Thus, the government brought us in to share our research not only to help individuals, but also as a way to help independent organizations and counselors create and deliver the very types of ‘healthy relationships programs’ that FOTF then created for the school system. (As you noted, your program is not a sexuality program but one for healthy relationships.) Because our research is extensive, scientifically rigorous and statistically valid across all age groups and ethnic backgrounds, it provides a good foundation for a strong education in those key elements that young people and married couples most need to know.
One of the key reasons why a good train-the-trainer program was needed, was that this research can also be misunderstood, as demonstrated by the Facebook post from Agatha Tan. While the vast majority of readers (and, it sounds like, your program participants) are supportive and find it extremely helpful and life-changing, there are some who, historically, misunderstand or misread the research. A clear example is the explanation of the ultra-visual brain wiring of men and boys. We are careful to say that this male brain wiring makes it difficult if not impossible for a man to avoid noticing a woman who is dressed provocatively (only 2% said they wouldn’t notice) – but that each man has a choice of how to handle that reaction (to respect the woman in his thought life and actions, or not). And yet there are always a few women who completely miss what we are saying and arrive at the conclusion that we’re saying “boys will be boys and there’s nothing we can do about it.” Similarly, as you know, since many men want to honor women but find themselves confronted by explicit images they would prefer not to see, we think it is important to emphasize that BOTH men and women, boys and girls, have a responsibility here. We emphasize the ned for men and boys to respect women, but also for women and girls to respect men. We strongly disagree with the idea that teaching the brain wiring and mutual respect is somehow contributing to a “rape culture.” That is a clear misunderstanding, and it confuses the real and important issue and teaching that will help both men and women.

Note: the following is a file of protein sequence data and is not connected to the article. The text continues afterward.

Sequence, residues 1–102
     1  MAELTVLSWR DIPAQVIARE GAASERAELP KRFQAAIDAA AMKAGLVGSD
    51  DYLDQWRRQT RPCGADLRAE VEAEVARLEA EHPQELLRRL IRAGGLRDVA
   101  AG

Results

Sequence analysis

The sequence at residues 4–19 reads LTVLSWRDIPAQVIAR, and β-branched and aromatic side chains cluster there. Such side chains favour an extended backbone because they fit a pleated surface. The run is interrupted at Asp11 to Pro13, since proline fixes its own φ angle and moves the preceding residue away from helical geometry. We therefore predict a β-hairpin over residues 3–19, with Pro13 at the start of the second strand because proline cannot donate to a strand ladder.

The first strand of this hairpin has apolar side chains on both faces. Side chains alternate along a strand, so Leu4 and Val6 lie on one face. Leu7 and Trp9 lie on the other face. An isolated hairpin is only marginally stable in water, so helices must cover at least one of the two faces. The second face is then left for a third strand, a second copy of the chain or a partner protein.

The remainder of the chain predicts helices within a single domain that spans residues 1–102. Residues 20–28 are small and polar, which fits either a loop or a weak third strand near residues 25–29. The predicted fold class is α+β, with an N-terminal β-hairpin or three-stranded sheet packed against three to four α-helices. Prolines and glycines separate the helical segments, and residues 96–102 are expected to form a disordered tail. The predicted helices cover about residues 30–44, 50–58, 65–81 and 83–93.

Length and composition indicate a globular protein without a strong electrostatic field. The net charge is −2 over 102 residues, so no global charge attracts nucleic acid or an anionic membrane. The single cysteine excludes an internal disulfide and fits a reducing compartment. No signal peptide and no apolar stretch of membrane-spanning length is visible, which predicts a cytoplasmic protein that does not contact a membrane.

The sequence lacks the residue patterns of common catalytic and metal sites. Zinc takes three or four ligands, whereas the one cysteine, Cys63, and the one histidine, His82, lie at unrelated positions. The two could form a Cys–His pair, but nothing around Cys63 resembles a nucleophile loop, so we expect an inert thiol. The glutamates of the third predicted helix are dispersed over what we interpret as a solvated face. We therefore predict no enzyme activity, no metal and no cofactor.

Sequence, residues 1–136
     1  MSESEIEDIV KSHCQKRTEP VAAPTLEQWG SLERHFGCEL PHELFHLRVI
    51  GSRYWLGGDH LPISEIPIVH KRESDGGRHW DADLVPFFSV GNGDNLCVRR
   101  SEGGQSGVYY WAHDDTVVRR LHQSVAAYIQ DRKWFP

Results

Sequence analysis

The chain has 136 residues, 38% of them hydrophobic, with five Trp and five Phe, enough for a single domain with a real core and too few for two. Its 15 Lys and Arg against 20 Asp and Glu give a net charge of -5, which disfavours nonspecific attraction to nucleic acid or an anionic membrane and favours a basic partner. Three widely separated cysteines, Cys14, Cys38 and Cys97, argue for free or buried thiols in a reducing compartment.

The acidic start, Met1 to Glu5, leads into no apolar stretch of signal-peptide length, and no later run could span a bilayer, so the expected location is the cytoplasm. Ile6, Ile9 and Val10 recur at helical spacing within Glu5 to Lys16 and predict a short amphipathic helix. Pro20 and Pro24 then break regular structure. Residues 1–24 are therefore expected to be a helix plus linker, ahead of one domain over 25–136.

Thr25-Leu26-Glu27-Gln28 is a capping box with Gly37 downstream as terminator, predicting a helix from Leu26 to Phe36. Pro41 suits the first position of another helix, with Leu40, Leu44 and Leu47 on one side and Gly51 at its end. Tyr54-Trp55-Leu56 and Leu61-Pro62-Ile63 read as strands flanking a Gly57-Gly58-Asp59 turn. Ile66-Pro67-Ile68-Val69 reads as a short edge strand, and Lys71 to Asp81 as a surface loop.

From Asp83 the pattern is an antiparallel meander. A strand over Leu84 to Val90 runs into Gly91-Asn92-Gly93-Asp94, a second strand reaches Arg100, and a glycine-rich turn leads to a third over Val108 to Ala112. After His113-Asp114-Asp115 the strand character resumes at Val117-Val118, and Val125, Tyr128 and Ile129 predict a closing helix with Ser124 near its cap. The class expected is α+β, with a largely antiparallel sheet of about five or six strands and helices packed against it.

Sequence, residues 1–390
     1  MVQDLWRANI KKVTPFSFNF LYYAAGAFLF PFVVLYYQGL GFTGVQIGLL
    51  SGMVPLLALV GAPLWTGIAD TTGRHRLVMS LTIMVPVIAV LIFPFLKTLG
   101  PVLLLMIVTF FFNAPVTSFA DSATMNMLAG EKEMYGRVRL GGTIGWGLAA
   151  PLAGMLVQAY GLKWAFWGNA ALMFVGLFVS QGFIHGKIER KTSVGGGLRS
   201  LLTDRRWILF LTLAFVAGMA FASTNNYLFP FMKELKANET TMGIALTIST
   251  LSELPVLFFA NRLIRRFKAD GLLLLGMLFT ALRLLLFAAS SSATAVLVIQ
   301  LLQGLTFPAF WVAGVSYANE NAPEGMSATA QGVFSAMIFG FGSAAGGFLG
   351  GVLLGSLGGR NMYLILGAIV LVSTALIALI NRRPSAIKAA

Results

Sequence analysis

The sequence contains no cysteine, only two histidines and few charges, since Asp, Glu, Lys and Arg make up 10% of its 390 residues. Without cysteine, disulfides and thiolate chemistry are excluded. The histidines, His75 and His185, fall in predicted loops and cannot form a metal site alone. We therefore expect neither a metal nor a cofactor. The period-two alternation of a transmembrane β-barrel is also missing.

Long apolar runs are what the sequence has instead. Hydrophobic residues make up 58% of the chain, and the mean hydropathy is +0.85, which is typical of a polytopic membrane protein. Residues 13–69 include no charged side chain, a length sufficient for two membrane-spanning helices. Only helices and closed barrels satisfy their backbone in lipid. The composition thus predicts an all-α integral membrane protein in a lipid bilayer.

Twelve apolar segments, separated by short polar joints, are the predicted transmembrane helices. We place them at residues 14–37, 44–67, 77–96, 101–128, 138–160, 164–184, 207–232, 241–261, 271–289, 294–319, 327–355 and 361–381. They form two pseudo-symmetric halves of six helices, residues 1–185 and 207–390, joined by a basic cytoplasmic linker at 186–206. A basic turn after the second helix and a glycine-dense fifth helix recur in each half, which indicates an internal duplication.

It is my hope that you will ask for a meeting with the government ministry that is currently considering whether or not to discontinue your program. I urge you to show them that this is based on years of rigorous research, and to ask them to consider that this type of healthy relationships program is exactly the sort of program the government was wanting to create to educate and encourage young people now, in order to form healthy families later. While I don’t know the specifics of what your program involves, and I’m assuming there are always improvements and changes that can be made to any initiative, I hope that you and the government officials involved do not give up on something that already has, and will continue to, set a great foundation for Singapore’s future.